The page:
Congress has an opportunity to pass a similar bill before it ends its session. Sen. Richard Durbin introduced the School Access to Epinephrine Act on November 17, 2011. It can and should be passed.

Why should the nation invest in preventing allergic reactions to foods in particular? Many other equally urgent health issues -- asthma and obesity -- afflict schoolchildren. And, quite rightly, public health experts and school nurses are working on those health problems as well.

But no one wants a child to die in minutes simply because she ate a cupcake at her friend's school birthday party that was supposedly nut-free -- but had been packaged or made on a counter where nuts had been used. This bill will help schools have epinephrine auto-injectors on hand and trained staff for those emergencies. That could save the lives of those two children in each American classroom who are at risk.

Follow @CNNOpinion on Twitter

Join us at Facebook/CNNOpinion

The opinions in this commentary are solely those of Ruchi Gupta.

ADVERTISEMENT
Part of complete coverage on
updated 6:47 PM EDT, Tue April 22, 2014
Q & A with artist Rachel Sussman on her new book of photographs, "The Oldest Living Things in the World."
updated 3:58 PM EDT, Tue April 22, 2014
Martin Blaser says the overuse of antibiotics threatens to deplete our bodies of "good" microbes, leaving us vulnerable to an unstoppable plague--an "antibiotic winter"
updated 1:37 PM EDT, Tue April 22, 2014
John Sutter asks: Is it possible to eat meat in modern-day America and consider yourself an environmentalist without being a hypocrite?
updated 11:38 AM EDT, Tue April 22, 2014
Sally Kohn notes that Meb Keflezighi rightly was called an American after he won the Boston Marathon, but his status in the U.S. once was questioned
updated 8:56 AM EDT, Tue April 22, 2014
Denis Hayes and Scott Denman say on this Earth Day, the dawn of the Solar Age is already upon us and the Atomic Age of nuclear power is in decline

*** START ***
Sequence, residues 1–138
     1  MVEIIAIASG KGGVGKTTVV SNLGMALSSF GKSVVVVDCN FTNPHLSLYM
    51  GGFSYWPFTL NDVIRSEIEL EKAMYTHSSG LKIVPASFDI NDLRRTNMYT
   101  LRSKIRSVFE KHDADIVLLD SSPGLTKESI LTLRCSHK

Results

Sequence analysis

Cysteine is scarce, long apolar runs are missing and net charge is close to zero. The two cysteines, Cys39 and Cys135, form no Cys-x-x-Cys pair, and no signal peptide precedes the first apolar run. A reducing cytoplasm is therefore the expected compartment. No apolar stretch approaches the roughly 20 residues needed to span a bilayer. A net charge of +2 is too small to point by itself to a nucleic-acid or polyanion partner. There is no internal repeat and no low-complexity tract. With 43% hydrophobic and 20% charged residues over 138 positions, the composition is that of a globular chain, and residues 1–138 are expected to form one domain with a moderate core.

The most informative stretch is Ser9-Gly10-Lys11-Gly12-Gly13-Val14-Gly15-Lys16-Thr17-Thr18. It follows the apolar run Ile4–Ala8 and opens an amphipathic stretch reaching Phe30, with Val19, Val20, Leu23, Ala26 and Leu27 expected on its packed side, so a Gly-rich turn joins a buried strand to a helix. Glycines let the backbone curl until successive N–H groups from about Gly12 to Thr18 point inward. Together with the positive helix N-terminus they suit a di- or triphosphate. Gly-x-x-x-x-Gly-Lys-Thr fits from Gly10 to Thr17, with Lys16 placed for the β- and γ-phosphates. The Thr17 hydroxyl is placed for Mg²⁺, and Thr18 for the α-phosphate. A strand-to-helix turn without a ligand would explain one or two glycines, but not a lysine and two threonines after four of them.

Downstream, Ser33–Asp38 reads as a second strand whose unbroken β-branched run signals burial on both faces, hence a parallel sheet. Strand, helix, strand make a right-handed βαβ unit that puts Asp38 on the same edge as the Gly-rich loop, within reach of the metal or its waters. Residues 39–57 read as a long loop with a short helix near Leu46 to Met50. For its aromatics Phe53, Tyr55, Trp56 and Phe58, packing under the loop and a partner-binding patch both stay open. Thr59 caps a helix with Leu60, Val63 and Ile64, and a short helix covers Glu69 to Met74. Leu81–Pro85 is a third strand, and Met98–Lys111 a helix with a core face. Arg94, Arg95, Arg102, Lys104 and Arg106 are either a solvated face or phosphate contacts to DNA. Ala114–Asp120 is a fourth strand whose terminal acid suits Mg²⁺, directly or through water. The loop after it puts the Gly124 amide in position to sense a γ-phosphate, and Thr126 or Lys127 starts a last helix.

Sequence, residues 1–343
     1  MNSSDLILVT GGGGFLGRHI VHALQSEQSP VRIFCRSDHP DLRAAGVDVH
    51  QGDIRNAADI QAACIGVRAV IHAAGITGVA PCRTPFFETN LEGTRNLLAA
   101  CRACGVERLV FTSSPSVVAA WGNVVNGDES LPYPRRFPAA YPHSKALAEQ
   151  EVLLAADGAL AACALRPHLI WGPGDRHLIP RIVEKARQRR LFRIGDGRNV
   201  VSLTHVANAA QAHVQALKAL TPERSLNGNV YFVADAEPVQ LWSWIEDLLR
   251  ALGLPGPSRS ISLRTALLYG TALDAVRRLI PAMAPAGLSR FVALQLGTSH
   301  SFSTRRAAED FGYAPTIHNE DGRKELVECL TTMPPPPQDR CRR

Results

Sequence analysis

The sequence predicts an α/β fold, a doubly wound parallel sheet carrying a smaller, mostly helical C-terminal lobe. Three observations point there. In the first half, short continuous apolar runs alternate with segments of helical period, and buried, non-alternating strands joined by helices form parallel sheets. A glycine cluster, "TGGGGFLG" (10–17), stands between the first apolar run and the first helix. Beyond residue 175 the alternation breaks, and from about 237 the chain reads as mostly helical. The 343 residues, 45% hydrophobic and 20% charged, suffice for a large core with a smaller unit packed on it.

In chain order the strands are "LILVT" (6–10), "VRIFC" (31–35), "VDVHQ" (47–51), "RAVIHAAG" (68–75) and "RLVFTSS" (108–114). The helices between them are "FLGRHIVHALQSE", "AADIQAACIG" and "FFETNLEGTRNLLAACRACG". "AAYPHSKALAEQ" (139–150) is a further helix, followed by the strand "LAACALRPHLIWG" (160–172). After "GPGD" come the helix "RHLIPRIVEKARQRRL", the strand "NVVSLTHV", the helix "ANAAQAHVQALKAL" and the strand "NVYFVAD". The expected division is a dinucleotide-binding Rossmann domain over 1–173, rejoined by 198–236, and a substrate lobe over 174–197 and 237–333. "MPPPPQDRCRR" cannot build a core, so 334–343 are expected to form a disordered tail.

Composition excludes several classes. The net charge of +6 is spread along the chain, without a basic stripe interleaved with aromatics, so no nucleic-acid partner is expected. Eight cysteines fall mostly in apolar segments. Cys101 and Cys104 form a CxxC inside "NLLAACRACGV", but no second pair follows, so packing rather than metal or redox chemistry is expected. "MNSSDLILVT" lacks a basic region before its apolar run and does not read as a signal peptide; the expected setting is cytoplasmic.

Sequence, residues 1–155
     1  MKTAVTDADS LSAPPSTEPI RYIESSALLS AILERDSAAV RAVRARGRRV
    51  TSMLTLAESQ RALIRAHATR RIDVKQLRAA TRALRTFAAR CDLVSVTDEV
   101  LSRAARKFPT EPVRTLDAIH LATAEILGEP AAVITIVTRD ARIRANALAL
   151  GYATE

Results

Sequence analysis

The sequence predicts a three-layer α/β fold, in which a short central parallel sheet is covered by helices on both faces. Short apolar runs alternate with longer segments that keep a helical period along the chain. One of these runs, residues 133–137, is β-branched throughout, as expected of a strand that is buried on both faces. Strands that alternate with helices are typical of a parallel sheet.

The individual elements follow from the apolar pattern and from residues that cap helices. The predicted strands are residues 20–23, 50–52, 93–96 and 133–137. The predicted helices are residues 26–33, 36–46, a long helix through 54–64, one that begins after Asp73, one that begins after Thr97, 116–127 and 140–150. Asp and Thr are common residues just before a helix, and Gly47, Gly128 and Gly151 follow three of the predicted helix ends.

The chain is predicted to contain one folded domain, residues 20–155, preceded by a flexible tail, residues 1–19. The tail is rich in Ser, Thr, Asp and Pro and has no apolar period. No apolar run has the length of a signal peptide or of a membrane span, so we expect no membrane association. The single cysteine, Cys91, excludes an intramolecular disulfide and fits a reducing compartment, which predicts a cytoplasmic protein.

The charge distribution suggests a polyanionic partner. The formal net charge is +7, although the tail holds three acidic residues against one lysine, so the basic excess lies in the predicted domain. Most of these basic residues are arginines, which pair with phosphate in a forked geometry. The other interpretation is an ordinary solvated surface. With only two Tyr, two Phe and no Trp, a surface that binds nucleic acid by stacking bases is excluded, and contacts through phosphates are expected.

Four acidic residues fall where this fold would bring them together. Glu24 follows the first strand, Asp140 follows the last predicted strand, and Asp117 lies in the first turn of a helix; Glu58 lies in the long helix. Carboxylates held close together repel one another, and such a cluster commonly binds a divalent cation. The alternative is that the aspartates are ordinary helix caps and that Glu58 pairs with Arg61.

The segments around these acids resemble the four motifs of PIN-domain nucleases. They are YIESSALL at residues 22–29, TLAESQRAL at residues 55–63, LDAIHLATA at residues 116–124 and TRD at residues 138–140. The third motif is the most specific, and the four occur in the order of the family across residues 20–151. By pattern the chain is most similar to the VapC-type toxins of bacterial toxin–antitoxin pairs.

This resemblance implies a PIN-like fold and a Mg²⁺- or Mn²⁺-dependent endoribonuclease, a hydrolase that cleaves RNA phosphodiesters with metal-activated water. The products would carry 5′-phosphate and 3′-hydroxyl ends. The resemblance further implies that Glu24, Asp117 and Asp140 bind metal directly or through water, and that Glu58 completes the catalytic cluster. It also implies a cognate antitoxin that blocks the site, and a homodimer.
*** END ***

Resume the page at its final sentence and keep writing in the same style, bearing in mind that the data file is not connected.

updated 4:36 PM EDT, Mon April 21, 2014
Retired Coast Guard officer James Loy says a ship captain bears huge responsibility.
updated 1:08 PM EDT, Mon April 21, 2014
Peter Bergen says the latest strikes are part of an aggressive U.S. effort to target militants, including a bomb maker
updated 9:45 AM EDT, Mon April 21, 2014
Cynthia Lummis and Peter Welch say 16 agencies carry out national intelligence, and their budgets are top secret. We need to know how they are spending our money.
updated 8:35 AM EDT, Mon April 21, 2014
Julian Zelizer says President Obama knows more than anyone that he has much at stake in the midterm elections.
updated 8:55 AM EDT, Tue April 22, 2014
Eric Sanderson says if you really want to strike a blow for the environment--and your health--this Earth Day, work to get cars out of cities and create transportation alternatives
updated 10:08 AM EDT, Mon April 21, 2014
Bruce Barcott looks at the dramatic differences in marijuana laws in Colorado and Louisiana
updated 4:47 PM EDT, Fri April 18, 2014
Jim Bell says NASA's latest discovery supports the notion that habitable worlds are probably common in the galaxy.
updated 2:17 PM EDT, Fri April 18, 2014
Jay Parini says even the Gospels skip the actual Resurrection and are sketchy on the appearances that followed.
updated 1:52 PM EDT, Fri April 18, 2014
Graham Allison says if an unchecked and emboldened Russia foments conflict in a nation like Latvia, a NATO member, the West would have to defend it.
updated 9:11 AM EDT, Fri April 18, 2014
John Sutter: Bad news, guys -- the pangolin we adopted is missing.
updated 2:25 PM EDT, Mon April 21, 2014
Ben Wildavsky says we need a better way to determine whether colleges are turning out graduates with superior education and abilities.
updated 6:26 AM EDT, Fri April 18, 2014
Charles Maclin, program manager working on the search and recovery of Malaysia Flight 370, explains how it works.
updated 8:50 AM EDT, Fri April 18, 2014
Jill Koyama says Michael Bloomberg is right to tackle gun violence, but we need to go beyond piecemeal state legislation.
updated 2:45 PM EDT, Thu April 17, 2014
Michael Bloomberg and Shannon Watts say Americans are ready for sensible gun laws, but politicians are cowed by the NRA. Everytown for Gun Safety will prove the NRA is not that powerful.
ADVERTISEMENT
ADVERTISEMENT
ADVERTISEMENT
ADVERTISEMENT